Birch Mountain Marathon — Page 3

Skier Climbing Birch Mountain

Fingers of Snow

Two dry, windy months have not been kind to the Southern Sierra snowpack. But we are nonetheless fortunate today to find snow only a short while after we start hiking.

Thanks to the gentle gullies running east-west along Birch Mountain's flank, we spot a few narrow fingers of snow on the mini-north aspects. The longest such finger is easily a mile in length, traversing alongside the edge of the Tinemaha drainage.

Snow

Arriving on Snow

Mount Tinemaha

Mt. Tinemaha

Ascending the Finger

Ascending the Finger

After a moment or two of conversation, we agree to make it our target.

The day is warm.

Thanks to our late start, it's already near 8 a.m. when we arrive at the lower end of the snow finger.

Some of us switch to skis and skins; others hike up the snow in ski boots.

Either way, we enjoy fine views of nearby Mount Tinemaha as we ascend this sun-cupped snowy ribbon.

The snow's surface at this low elevation—just below 7000'—is quite textured.

I find myself hoping we'll find smoother snow on the higher elevations.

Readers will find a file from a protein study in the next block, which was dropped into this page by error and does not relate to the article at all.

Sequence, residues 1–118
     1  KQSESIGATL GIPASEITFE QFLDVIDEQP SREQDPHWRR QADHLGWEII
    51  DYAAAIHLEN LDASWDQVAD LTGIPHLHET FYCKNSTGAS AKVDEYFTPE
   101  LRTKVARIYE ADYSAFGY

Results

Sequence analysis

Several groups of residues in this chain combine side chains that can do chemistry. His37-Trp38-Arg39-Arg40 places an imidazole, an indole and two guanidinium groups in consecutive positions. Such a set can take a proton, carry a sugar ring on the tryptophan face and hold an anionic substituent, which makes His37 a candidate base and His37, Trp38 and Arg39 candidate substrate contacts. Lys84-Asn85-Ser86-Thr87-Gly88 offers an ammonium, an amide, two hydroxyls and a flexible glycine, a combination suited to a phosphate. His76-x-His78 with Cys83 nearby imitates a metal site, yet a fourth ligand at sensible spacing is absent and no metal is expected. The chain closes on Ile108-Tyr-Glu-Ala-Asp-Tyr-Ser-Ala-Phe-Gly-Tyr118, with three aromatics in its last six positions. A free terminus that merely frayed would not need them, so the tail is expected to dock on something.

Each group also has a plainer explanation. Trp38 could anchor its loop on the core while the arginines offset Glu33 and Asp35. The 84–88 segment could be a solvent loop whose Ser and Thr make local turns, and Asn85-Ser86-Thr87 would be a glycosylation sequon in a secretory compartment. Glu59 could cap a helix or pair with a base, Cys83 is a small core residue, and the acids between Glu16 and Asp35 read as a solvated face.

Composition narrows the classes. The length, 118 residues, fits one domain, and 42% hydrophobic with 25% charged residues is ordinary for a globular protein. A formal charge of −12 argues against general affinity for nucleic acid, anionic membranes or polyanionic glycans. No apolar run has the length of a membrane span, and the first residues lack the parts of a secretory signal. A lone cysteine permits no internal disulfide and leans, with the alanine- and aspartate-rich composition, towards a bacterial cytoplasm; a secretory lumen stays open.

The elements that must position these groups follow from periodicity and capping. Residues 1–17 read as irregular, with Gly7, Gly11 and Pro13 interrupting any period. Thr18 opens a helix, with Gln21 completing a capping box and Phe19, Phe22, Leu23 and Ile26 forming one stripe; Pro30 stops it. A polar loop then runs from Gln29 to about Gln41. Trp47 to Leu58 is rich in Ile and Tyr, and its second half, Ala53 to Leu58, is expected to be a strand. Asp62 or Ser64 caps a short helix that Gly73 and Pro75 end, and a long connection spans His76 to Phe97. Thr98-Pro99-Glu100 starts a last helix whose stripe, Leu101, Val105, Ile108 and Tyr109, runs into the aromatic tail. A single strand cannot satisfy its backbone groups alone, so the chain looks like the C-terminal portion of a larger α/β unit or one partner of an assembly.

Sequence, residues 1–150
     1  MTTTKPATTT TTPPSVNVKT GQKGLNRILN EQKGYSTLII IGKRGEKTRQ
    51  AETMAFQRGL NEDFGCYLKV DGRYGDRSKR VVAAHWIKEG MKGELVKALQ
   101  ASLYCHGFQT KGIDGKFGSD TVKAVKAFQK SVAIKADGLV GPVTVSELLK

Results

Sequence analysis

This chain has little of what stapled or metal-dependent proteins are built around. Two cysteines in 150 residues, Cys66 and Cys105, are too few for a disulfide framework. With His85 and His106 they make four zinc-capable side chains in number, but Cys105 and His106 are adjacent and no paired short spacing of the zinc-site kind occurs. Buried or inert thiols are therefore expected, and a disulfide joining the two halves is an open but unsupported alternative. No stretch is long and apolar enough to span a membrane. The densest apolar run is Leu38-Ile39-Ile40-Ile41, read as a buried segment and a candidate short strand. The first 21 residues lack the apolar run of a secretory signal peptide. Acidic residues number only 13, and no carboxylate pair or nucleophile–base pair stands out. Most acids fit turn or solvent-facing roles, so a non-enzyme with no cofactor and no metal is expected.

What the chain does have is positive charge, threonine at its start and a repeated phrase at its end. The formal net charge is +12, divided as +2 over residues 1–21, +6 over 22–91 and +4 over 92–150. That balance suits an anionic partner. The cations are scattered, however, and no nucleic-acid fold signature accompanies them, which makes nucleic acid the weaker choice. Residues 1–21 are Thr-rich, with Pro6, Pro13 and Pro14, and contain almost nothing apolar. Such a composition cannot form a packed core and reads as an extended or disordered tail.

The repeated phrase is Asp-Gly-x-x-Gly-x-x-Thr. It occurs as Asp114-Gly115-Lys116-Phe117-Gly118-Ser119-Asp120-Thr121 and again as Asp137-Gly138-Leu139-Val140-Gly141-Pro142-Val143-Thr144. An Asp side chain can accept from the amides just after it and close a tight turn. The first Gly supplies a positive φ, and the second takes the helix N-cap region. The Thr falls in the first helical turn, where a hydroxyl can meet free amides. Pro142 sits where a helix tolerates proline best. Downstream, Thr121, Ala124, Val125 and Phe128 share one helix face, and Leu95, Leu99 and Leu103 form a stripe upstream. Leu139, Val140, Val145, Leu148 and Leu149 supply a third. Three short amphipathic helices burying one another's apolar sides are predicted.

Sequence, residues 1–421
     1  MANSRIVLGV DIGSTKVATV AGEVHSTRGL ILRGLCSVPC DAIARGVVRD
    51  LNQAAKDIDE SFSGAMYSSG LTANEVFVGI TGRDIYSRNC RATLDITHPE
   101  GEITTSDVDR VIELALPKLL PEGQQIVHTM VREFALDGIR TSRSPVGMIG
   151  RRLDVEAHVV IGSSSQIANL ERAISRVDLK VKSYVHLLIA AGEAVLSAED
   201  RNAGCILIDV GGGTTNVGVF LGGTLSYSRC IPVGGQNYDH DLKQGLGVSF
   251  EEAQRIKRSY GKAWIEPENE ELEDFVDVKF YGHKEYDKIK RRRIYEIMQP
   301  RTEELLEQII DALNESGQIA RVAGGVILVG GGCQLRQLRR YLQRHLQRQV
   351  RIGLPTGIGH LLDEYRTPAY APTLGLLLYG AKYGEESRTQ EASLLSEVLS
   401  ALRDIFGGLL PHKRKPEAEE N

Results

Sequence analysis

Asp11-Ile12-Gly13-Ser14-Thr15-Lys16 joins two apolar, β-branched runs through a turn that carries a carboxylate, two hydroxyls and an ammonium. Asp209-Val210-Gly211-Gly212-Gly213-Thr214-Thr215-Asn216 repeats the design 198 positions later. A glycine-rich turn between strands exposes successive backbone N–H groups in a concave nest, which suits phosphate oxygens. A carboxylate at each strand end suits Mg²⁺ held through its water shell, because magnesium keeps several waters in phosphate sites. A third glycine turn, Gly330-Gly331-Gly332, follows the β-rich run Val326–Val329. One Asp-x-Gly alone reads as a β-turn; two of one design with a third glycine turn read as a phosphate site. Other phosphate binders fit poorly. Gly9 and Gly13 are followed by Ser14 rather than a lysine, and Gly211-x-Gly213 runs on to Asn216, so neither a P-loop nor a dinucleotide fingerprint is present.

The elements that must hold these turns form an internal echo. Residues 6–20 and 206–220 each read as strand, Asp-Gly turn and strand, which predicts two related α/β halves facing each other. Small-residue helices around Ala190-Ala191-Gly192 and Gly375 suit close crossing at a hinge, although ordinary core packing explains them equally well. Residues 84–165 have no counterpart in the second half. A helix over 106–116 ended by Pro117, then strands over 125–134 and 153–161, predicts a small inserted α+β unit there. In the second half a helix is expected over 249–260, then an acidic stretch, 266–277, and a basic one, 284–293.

If not, our late start may well prove beneficial—to give the sun ample time to heat and soften the surface.

Meanwhile, there is the business of climbing to attend to. We're all making good time in our ascent, but it's hard not to notice that we don't seem to be getting anywhere. Birch Mountain's massive scale is beginning to make itself known.

Our finger of snow goes on and on, while the mountain above gets no closer. The only reliable indicator of progress is to look back and eye the gradual elevation we're gaining above Owens Valley. In this regard, Birch Mountain is again reminiscent of Mount Shasta. Both mountains are indeed immense, and both lack prominent landmarks upon their lower flanks by which you can gauge your upward progress.

next: Big Mountain



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